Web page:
Her Son and other youngsters in Israeli jails
Visiting her son in the Israeli prison reflected the ache of the son not returning home a reminder ..."he is arrested".
"During my visits to jail I built a comradeship with other mothers, sisters and wives of prisoners that lasted long after our young men were released".
Years of Intifada
On this topic Samia concentrates on the spirit of solidarity and struggle that united Palestinians as one community. The unity and resourceful ideas were created to challenge the harsh measures of occupation.
"We were urged to have our own vegetable gardens and so as to supply ourselves and our neighbors with vegetables as these were completely unavailable in the market. In addition and in order to make up schools alternative, classrooms ran in private homes in every neighborhood."
Onslaught on Jerusalem
The death of three Palestinian prominent figures; Faisal Husseini, Ibrahim Abu-Lughod and Edward Said, Samia believed that their death within a few years was a big loss for Palestinians.
During Faisal's funeral the Syrian flag bearers by Golan Height people who came to pay respect, stood in front Israeli soldiers; however nowhere to be seen in Jerusalem and the Palestinian flag on top of the Court House and the Post office building in the heart of Jerusalem.
"Just as Faisal's death enabled the powerful manifestation of Arab Jerusalem, So did for Professor Ibrahim abu Lughod: acquire his right of return to Jaffa through his burial in his hometown. His funeral cortege left from Jerusalem to bury him in Jaffa despite the barberries".
On Edward Said she writes, "We have an Arabic proverb: If words are of silver, then silence is of gold" but for Edward for him silence meant weakness. He spoke strongly about the Israeli military occupation and its colonial policies and oppressive measures.
Samia outlines other acts of the occupier: Home demolitions, evictions, prisoners, Israeli jails, prisoners' hunger strikes and crossing the bridge to Jordan she named as it was "the mission impossible".
She goes on writing about "Curfews" and how marriages or funerals used to take place the first hour when the curfew was lifted. Usually lifting curfew would be for hours only.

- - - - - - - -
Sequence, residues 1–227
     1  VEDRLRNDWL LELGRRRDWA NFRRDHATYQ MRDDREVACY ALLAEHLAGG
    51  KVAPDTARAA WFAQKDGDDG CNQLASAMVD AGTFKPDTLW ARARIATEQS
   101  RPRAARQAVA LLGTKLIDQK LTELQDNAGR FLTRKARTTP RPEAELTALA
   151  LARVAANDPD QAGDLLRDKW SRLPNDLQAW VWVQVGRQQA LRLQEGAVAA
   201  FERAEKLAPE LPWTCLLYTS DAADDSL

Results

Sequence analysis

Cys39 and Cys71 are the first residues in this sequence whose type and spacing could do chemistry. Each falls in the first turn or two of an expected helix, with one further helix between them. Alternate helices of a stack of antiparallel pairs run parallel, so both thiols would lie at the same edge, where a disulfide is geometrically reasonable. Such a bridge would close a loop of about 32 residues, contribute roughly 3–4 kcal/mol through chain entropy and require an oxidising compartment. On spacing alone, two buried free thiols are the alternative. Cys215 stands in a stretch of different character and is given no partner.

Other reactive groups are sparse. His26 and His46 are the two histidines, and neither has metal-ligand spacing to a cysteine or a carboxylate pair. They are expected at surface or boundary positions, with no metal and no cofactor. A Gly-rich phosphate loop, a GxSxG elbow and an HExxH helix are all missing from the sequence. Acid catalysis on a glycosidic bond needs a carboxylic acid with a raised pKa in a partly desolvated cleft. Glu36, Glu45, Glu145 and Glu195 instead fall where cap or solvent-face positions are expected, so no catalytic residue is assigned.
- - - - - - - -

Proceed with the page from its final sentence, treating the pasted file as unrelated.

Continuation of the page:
Other difficulties in the daily life of Palestinians are the checkpoints that seizes the right to medication, a woman who was shot in her garden while planting flowers, and a young boy who was snapped by an Israeli soldier while jogging in the area of his house, later the Israelis announced their apology claiming that it was a mistake; a mistake that left the families with deep sorrow and much hardness.
"And the apology will do nothing to their families since the apology in local papers will not bring lives back the apology means a change of strategy barriers".
Closure of the Holy City
La Memoir of Samia overlooks, in depth the closure of Jerusalem, the hundred thousands of residents banned from visiting the City, the isolated Palestinian Villages, Jerusalem the Holy City for Christians and Muslims. It makes one's heart aches when reading about the suffering on check points, the obstacles towards the right to free movement, free medication, family re-union. Besides the issue of the Jerusalemite identity card banning a Jerusalem ID holder to marry from outside Jerusalem. She rereads a case study about Palestinian couple who were not able to live in Jerusalem since the spouse did not have a Jerusalem ID and the other was an American who was prohibited marrying a Jerusalemite. Both cases and due to those restrictions had to leave the country and live in the States.
For Palestinians the cultural identity was parallel to the struggle of identity. In the occupied land and as time passed artists, painters, writers and thinkers were born.
Samia says, "Amidst all the brutality and absurdities of the Occupation, the arts music and musicians have been our refuge and haven. Nowadays, seeing children on their way to music lessons carrying their instruments is indeed a blessing when Palestinian children are given the opportunity to express themselves through music, drama and art, challenging all the obstacles, barriers and restrictions that stifle their everyday life. In which music and art will embrace the dream for the right of return, liberation, justice and peace. We shall defend our freedom and rights, using music, art, drama, literature and any other non-violent and creative means of resistance."
Palestinian National Orchestra in Jerusalem, Edward Said National Conservatory of Music, The Palestine Strings Musical groups continue regardless of the occupation and not only seen in Palestine but their voices and words were heard in many events performed worldwide.
Despite all of this while interviewing Samia in her sister's home in Ramallah, I saw a strong woman as strong as the olive tree overlooking the mountains of Birzeit Village, she was vibrant like the sun; despite her 82 years of age, she was still on the go; looking forward for her upcoming meeting. I was happy to see her Memoir born in light at that age; over and above she never loses faith nor hope for better days to come for her homeland.
1 Qalandia checkpoint is one of the largest Israeli military checkpoints in the occupied West Bank. This checkpoint is not located on a border, but between the Palestinian town Ramallah, Qalandia refugee camp, and the Palestinian town of ar-Ram. It separates Ramallah residents from southern Palestinian towns and the northern Palestinian neighbourhoods of Jerusalem. Israeli soldiers check identity cards. Clogged traffic languishes, and pedestrians have to walk 300 rubbish-strewn yards to get across.(Electronic Intifada).
2 The Society of In'ash El-Usra NGO that was established in Ramallah in 1965. Their aim is to empower Palestinian women In the aftermath of the 1967 war and throughout the Israeli occupation, the role of the Society of In'ash El-Usra grew to promote the standard of Palestinian women through its various services and programs to meet the demands of the new era especially in the fields of vocational and technical education. The society has created an embroidery center.